from The American Heritage® Dictionary of the English Language, 4th Edition
- n. An apple-green chalcedony used as a gemstone.
from Wiktionary, Creative Commons Attribution/Share-Alike License
- n. A variety of light-green translucent quartz.
from the GNU version of the Collaborative International Dictionary of English
- n. An apple-green variety of chalcedony, colored by nickel. It has a dull flinty luster, and is sometimes used in jewelry.
from The Century Dictionary and Cyclopedia
- n. A variety of chalcedony commonly apple-green in color and often extremely beautiful, so that it is much esteemed in jewelry.
- n. The ancient name of a golden-green precious stone, now generally believed to have been a variety of the beryl or possibly a green variety of fluor-spar (chlorophane), which possesses the properly of shining in the dark or by the heat of the hand.
from WordNet 3.0 Copyright 2006 by Princeton University. All rights reserved.
- n. a green variety of chalcedony valued as a gemstone
Poet to dictate blank verse to the pretty young secretary, who curled both feet round one leg of her chair, told him that she "loved his potry more'n anythink she'd ever read" and asked how all the hard words like "chrysoprase" and "asphdel" were spelt.
Whenever you speak of water, treat it as fire -- of fire, _vice versa_, as water; and be sure to send them all shattering out of reach and discrimination of all sense; and look into a dictionary for some such word as "chrysoprase," which we find to come from χρυσος gold, and πρασον a leek, and means a precious stone; it is capable of being shattered, together with "sunshine" -- the reader will think the whole passage a "flash" of moonshine.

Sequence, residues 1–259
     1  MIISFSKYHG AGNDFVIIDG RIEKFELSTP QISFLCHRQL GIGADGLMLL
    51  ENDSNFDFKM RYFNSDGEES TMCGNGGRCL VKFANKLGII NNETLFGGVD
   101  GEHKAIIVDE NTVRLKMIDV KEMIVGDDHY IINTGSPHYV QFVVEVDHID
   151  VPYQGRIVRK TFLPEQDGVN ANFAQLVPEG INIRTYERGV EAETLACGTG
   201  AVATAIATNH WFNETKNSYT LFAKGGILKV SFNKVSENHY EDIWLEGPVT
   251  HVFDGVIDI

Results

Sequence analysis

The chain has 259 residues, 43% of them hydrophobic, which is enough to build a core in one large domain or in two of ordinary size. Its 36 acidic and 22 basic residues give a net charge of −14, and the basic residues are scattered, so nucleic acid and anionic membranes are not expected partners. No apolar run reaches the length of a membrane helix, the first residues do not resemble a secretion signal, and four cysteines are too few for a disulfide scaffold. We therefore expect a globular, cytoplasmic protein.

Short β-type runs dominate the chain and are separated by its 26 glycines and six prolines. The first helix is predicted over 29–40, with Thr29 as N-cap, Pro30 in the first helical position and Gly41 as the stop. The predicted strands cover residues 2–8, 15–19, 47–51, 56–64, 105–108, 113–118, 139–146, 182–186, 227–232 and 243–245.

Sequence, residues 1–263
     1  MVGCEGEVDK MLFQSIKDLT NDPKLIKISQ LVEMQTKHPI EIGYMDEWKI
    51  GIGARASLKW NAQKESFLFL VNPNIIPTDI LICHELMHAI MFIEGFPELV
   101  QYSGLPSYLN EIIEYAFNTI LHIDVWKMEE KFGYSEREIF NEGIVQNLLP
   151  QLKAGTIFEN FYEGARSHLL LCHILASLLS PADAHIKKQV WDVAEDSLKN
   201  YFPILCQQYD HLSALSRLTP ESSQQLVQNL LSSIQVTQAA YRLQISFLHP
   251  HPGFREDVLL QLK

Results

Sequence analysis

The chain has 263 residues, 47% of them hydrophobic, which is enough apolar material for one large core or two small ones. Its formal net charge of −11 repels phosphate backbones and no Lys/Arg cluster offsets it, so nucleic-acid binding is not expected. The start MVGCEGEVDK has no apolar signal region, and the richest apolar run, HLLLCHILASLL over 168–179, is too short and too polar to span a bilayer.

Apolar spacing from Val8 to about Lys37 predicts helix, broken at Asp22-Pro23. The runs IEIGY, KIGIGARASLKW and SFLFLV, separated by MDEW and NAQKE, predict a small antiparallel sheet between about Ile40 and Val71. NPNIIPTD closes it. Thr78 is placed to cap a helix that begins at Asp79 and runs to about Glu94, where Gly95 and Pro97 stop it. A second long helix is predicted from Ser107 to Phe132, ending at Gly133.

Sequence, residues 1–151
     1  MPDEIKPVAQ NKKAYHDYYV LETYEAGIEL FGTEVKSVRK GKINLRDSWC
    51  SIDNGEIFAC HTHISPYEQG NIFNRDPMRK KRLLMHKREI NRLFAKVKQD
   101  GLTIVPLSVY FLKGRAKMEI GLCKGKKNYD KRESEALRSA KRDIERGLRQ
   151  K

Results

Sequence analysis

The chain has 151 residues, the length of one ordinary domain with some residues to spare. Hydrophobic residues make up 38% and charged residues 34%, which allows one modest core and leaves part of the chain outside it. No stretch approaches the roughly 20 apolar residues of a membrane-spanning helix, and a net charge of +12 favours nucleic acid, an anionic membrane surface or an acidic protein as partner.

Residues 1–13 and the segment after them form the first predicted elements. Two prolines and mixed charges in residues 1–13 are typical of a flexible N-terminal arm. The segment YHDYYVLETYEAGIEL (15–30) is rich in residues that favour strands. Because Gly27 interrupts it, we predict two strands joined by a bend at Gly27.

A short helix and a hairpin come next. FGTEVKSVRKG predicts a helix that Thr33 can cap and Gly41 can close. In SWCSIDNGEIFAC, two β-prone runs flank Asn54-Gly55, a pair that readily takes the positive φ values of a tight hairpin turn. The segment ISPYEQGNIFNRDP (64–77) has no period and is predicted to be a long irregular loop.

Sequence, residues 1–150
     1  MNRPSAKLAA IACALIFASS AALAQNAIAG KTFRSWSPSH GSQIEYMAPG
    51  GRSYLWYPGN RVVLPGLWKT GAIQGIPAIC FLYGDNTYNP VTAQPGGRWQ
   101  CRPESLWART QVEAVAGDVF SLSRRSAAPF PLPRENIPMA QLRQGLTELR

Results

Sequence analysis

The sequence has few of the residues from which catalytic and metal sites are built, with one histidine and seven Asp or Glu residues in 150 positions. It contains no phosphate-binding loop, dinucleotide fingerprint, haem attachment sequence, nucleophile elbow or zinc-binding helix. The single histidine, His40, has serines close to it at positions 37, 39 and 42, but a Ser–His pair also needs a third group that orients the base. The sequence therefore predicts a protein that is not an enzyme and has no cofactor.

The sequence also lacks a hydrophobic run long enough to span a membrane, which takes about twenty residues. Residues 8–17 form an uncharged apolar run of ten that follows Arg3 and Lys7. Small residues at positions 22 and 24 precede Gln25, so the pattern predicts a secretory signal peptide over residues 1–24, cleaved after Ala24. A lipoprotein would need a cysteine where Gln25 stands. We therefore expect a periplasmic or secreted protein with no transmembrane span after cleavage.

She makes 50 pieces a year using semiprecious stones such as aquamarines, hessonites, chrysoprase and pink tourmaline, and ranging from £800 to £50,000.
The various colors of chalcedony have their own names: jasper when brown, carnelian when red or reddish-brown, chrysoprase when green, agate when banded with different colors.
It had been chrysoprase, then it turned to aquamarine, and that to the bright full green of an emerald.
Kenneth Jay Lane, for example, converted a chrysoprase-and - "diamond" necklace dripping with pearls into a mask for Benedetta Barzini, daughter of the Italian writer Luigi Barzini.
Humans can mistake leaf grow stone for chrysoprase, glass, jade, or prase.
Eurmal, the Grain Goddesses, and Saint Xemela hold chrysoprase sacred, a strange combination of gods that vexes the devotees of each.
One can mistake cut and polished chrysoprase for emerald, glass, jade, or prase.
One could mistake cut and polished prase for chrysoprase, growstone, or green jade.